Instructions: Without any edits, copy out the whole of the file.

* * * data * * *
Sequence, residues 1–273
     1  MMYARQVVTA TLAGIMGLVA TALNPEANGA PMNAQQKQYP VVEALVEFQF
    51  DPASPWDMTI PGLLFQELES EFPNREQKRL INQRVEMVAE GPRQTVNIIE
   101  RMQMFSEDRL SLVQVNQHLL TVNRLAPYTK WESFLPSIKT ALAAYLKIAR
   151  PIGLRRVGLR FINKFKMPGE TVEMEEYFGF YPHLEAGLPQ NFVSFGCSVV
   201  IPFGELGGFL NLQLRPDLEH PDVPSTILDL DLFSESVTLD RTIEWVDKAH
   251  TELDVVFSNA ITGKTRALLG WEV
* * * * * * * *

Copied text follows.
Sequence, residues 1–273
     1  MMYARQVVTA TLAGIMGLVA TALNPEANGA PMNAQQKQYP VVEALVEFQF
    51  DPASPWDMTI PGLLFQELES EFPNREQKRL INQRVEMVAE GPRQTVNIIE
   101  RMQMFSEDRL SLVQVNQHLL TVNRLAPYTK WESFLPSIKT ALAAYLKIAR
   151  PIGLRRVGLR FINKFKMPGE TVEMEEYFGF YPHLEAGLPQ NFVSFGCSVV
   201  IPFGELGGFL NLQLRPDLEH PDVPSTILDL DLFSESVTLD RTIEWVDKAH
   251  TELDVVFSNA ITGKTRALLG WEV